Of the primates, humans have the most complex social structures of all yet, although we still find grooming in many – mostly intimate – situations pleasurable, it no longer plays this central role for us. What happened?

When our ancestors left the forests for the savannah, started going upright and developing their cooperative foraging to increase the proportion of animal protein and fat in their diet this had a number of consequences. Brain volume increased. A larger brain was an evolutionary risk – initially it posed as many disadvantages as advantages. Increased intelligence was necessary for this form of life, but such a large brain needed more nutrition and more oxygen. It also needed to be kept at a pretty constant temperature to function well and the general environment and the fact that its possessor had to be able to move fast to nourish itself and avoid danger in the savannah led to an increased danger of overheating. The physiological answer to this was a loss of body-hair (with the obvious exception of the head) and an increased ability to sweat.

This disappearance of hair made the intense and complex grooming practiced by primates more difficult – and more senseless. Grooming is also very time-consuming and works only one-to-one, so that it automatically limits both the size of the group and the possibilities of communicating information beyond a certain degree of complexity. Yet at the same time, the new way of life adapted by the man-apes demanded ever more complex communication within the group. The increased brain volume, with the concomitant increase in intelligence, however, also offered the processing power for an alternative, much more refined form of communication than grooming.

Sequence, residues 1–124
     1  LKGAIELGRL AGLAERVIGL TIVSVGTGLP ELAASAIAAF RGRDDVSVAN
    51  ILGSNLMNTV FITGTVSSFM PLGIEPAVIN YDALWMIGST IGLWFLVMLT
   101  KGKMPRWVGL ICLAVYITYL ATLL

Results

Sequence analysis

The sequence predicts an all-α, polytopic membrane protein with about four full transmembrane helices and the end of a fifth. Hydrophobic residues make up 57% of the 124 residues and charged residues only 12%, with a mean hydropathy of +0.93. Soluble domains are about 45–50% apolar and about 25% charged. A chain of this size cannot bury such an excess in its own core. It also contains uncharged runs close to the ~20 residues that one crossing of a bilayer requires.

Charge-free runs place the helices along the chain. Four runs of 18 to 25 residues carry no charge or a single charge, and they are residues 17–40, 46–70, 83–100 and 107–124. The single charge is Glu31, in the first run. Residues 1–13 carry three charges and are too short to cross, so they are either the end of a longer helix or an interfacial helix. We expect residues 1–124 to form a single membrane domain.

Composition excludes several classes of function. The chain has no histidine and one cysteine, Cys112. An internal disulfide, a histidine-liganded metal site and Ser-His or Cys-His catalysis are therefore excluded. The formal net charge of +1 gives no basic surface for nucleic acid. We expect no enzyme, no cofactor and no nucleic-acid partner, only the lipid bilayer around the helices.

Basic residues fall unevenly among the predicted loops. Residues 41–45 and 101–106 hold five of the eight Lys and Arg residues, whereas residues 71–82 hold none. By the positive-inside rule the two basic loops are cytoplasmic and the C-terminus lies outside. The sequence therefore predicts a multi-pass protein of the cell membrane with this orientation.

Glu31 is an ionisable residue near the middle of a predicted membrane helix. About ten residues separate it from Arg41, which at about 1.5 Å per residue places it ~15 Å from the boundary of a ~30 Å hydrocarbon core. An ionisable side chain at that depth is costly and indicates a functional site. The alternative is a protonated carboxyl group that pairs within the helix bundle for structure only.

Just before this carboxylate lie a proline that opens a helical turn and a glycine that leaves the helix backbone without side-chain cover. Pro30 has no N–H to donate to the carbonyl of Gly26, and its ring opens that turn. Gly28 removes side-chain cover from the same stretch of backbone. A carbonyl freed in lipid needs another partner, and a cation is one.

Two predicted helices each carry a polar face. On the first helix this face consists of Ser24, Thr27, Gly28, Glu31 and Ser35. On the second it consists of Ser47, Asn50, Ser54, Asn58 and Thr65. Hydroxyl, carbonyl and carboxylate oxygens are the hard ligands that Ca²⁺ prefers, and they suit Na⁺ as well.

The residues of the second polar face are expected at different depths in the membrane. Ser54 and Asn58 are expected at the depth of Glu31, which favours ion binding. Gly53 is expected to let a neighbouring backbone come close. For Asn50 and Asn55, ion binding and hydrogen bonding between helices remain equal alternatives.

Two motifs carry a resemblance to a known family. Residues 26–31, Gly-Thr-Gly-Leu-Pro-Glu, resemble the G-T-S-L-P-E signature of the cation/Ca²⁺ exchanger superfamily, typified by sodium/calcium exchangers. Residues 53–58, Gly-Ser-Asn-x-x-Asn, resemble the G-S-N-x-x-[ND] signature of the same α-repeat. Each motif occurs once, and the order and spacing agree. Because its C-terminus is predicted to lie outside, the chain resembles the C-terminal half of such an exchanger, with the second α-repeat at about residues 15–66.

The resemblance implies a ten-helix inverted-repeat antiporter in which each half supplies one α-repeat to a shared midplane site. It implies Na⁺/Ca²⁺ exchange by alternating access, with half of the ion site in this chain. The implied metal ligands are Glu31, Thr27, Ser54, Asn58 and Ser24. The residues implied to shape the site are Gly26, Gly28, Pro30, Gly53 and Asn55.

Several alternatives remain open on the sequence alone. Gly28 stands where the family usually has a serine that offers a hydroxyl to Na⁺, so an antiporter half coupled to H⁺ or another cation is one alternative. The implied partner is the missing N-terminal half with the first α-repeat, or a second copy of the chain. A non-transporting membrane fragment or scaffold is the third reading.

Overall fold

The solution to the problem of communication was the development of language, a much more sophisticated form of communication, which in turn led to a further growth in intelligence and somewhere in this process, slowly, incrementally, true human self-awareness developed. Without self-awareness, no language; without language, no mind.

In the beginning was the word …

(to be continued)

Wednesday, 24 February 2010


Margot Käßmann predigt in der Marktkirche in Hannover während des Weihnachtsgottesdienstes. Sie ruft zu mehr Frieden und Miteinander auf